Azerbaijan Rejects Minsk Group Proposal

YEREVAN (Noyan Tapan)–Azerbaijan Thursday rejected a new peace plan for the Nagorno-Karabakh conflict put forth by the Organization for Security and Cooperation in Europe’s Minsk Group co-chairmen during their recent visit to the region–the Baku-based ANS-Press news agency reported–quoting diplomatic sources in Baku.

The official rejection was presented Thursday to the co-chairmen of the OSCE Minsk Group. The Minsk Conference was notified of Baku’s refusal Friday. The OSCE Acting Chairman Bronislav Geremek who is due in Baku on November 25 will also be notified of the official Azeri position.

Baku said it was ready to discuss two options to end the existing deadlock. Azerbaijan expressed willingness to begin negotiations on proposals made by Minsk Group co-chairmen on September 19–1997 which called for a "phased" approach to the settlement of the Karabakh conflict.

According to Azeri authorities–diplomats reserved the right to return to 1997 plan since–according to Azeri logic–the proposals corresponded to resolutions passed at the 1994 Budapest summit OSCE member-states. Otherwise–Azerbaijan said–the co-chairmen would have to develop new proposals which will take some time.

Diplomatic circles in Azerbaijan said that the idea of "common state" proposed by the co-chairmen was not only unacceptable for Azerbaijan–it also was deemed wrong from an international law perspective.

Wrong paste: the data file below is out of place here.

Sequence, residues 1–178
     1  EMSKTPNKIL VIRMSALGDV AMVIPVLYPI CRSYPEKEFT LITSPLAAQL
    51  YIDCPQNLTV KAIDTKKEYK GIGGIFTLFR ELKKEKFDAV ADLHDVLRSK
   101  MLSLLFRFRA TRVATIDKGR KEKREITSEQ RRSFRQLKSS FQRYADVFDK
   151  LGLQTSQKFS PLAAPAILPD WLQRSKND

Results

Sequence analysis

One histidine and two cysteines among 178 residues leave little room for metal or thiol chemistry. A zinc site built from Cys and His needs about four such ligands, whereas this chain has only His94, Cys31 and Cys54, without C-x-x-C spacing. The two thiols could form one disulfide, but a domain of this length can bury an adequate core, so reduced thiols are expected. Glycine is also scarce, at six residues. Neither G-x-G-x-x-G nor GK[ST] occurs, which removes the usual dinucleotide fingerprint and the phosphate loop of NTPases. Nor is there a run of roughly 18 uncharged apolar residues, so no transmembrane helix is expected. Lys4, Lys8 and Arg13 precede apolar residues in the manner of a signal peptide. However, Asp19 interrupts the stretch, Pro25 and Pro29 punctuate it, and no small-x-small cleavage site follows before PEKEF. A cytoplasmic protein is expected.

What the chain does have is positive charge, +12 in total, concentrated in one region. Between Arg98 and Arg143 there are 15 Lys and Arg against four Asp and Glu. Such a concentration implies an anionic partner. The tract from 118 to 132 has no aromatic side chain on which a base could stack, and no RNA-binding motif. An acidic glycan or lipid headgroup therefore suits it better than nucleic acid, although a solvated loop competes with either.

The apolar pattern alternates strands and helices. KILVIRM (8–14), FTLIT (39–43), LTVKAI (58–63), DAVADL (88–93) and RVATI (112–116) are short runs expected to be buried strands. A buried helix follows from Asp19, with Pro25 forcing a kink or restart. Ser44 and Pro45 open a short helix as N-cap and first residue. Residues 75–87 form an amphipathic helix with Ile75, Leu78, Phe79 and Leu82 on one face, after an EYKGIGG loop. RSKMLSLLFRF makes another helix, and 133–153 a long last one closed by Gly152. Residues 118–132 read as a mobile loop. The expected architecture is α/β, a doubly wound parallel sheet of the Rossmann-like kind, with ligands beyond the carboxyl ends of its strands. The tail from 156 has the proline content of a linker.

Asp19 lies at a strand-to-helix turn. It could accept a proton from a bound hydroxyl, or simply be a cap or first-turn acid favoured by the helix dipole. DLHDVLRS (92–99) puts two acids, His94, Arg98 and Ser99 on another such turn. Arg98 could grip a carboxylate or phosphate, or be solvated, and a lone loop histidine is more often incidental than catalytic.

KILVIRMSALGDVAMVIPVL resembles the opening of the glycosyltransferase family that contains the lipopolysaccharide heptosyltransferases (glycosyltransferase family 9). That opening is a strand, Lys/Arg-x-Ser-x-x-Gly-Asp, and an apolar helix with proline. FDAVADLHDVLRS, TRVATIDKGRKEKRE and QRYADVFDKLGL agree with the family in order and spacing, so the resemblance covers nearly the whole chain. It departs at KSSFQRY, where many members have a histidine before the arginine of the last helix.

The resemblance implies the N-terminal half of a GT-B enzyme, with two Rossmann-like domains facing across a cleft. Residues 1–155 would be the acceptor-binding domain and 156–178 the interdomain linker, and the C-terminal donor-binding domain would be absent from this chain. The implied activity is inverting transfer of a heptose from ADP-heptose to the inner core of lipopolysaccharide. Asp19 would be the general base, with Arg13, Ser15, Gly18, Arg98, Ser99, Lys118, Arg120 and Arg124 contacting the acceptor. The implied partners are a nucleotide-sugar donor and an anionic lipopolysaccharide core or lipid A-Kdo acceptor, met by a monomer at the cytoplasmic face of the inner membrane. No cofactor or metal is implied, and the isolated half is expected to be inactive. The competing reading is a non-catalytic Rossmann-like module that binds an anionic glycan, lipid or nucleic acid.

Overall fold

Azerbaijan accused the co-chairmen of attempting to revise the Helsinki principles of 1975 which lay the foundations for the pan-European security system.

According to ANS-Press reports–Baku regarded the new proposals of the co-chairmen as "an attempt to interpret the principles of territorial integrity and right to self-determination from Armenia’s perspective–although the relations between these two principles is clearly outlined in the Helsinki Final Act of 1975–which stipulates that the realization of the right to self-determination is possible only within the framework of a country’s territorial integrity. This provision was further developed at the 1996 [OSCE] Lisbon summit–which established the dominance of the territorial integrity principle over that of the right of a nation to self-determination."

Referring to diplomatic circles–the agency reported that Azerbaijan deemed it impossible to participate in talks based on the idea of "common state."

Immediately following the Minsk Group co-chairmen visit to Baku last week–Azeri presidential advisor Vafa Guluzade already deemed the proposal unacceptable by Azerbaijan.

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